Weds. 26 April ctd: after lunch, we’ll drive round to Flodigarry, and have a walk up the path from Loch Langaig to the Quiraing. More precisely, we’ll walk to the path below the Quiraing – one of us wouldn’t be able to get up there, or back down again (it’s just a bit too exposed)… The route is surprisingly busy: the better-known way from the parking area at the top of the pass is almost always busy, but this path is becoming popular now. Deservedly so – the rock scenery is amazing! There’s nowhere else like it in the UK.

We try to pick out a different route for our return, but the conditions underfoot make it too difficult to recommend – deep spongy moss, thick heather, tussocky grass – it’s really hard work. We’d better follow the others back down to the car.

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27 November: It’s one of the most spectacular landscapes in the British Isles – and the path to the Quiraing from the top of the pass, between Uig and Staffin, is one of the most enjoyable. Its popularity makes the first part of this walk difficult in summer – largely because it’s almost impossible to find anywhere to park. But on a Sunday morning at the end of November, even with such amazingly good weather, there are just six other cars. I’ll meet other walkers along the way, but it is truly quiet here today. The only sound for much of the time is that of the waves breaking on the shore at Staffin, perhaps a mile and a half distant.

The last few times I’ve walked along the path below the Quiraing, I’ve been with others who wouldn’t be persuaded to scramble up into the rocky stronghold, but today I’m alone, so it’s up the steep crumbling slope, behind the needle, through the cleft and onto the table, a remarkable small grassy  plateau completely enclosed by the crags. A couple of young walkers are here (one is a “Staffinite”, according to his companion), enjoying the photographic opportunities, but I get the impression that many, if not most, casual visitors give this part of the walk a miss.

The descent back to the contouring path is possibly more difficult than the ascent, but I’m down again, walking on towards Sròn Vourlinn (yes, we were here in August, on the path from Flodigarry) – and I discover the downside to November exploration. I knew that the early sunset would limit my time up here, but hadn’t thought about the effect of the sun’s low angle – much of the path beyond the Quiraing is in deep cold shade. It’s worth it for the additional views that open out eventually – to the north and west, where Lewis and Harris are prominent across the Minch. Can’t afford to hang about though – I’d better get back… What a great day it’s been!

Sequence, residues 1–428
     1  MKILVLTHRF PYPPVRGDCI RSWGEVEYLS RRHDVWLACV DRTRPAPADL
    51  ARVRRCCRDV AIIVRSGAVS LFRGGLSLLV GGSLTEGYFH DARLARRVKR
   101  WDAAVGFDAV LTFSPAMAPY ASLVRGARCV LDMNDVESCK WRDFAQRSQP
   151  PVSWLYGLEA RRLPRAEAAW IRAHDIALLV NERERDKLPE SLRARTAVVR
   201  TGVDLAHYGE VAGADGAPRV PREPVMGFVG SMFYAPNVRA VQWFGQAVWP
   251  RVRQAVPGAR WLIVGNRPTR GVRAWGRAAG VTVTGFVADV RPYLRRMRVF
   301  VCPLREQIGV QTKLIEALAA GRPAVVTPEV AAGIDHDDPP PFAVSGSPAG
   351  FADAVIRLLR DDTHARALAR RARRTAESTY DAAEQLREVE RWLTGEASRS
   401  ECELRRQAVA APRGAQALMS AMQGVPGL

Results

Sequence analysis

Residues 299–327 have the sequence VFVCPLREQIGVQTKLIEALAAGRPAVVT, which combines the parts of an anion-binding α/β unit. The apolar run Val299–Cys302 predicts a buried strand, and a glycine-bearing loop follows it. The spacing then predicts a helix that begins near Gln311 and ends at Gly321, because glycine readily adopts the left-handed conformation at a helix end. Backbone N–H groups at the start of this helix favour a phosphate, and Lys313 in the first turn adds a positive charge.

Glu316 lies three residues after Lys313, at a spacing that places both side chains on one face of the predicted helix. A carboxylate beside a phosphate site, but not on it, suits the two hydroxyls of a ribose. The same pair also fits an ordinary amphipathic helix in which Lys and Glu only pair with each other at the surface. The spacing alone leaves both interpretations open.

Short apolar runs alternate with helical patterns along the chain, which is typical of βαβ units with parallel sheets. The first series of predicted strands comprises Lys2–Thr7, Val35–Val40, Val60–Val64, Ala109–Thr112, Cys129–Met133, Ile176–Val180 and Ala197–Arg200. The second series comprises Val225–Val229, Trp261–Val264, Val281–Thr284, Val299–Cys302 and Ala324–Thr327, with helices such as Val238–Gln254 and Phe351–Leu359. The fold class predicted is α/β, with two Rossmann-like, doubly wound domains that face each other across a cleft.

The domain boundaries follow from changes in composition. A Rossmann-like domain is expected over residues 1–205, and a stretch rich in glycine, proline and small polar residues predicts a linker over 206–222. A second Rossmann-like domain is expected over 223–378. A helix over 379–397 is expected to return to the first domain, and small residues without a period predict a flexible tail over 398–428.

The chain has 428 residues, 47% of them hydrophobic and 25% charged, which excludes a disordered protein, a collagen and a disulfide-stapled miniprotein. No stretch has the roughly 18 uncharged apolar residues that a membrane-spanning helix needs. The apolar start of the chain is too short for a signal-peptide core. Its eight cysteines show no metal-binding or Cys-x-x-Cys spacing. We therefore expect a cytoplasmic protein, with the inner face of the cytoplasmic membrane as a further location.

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Sròn Vourlinn

Sron Vourlinn25th August: yesterday, as we walked back from Rubha na h-Aiseig, the shapely peak of Sròn Vourlinn was prominent and dramatic on the skyline ahead. Today, we’ll walk to that peak and look back to Ferry Point…

There’s a fairly straight, level and most enjoyable route to Sròn Vourlinn from the top of the road from Staffin to Uig – unfortunately, everyone else agrees with me, as the first part of the walk is also the route to the much better-known Quiraing. We’ll try to avoid the crowds, and begin the walk on the path from Loch Langaig, down on the main road near Flodigarry (see also “Quiraing – the other way“). The path ascends steadily until it reaches a cairn marking a sharp right turn, in a hollow below black cliffs and startling pinnacles. There are other walkers around – one or two have used our path from Loch Langaig – but when we continue along the ridge to the north, we’ve got the hills to ourselves. The views are tremendous and extensive, from the mainland mountains to the east, through a far-reaching seascape to the hills of the Western Isles. In the middle distance, with Lewis on the horizon, is Rubha na h-Aiseig. To the south, down the Trotternish ridge, the landscape is a tangled confusion of crags, cliffs and pinnacles. Just don’t get too close to that vertical cliff edge!

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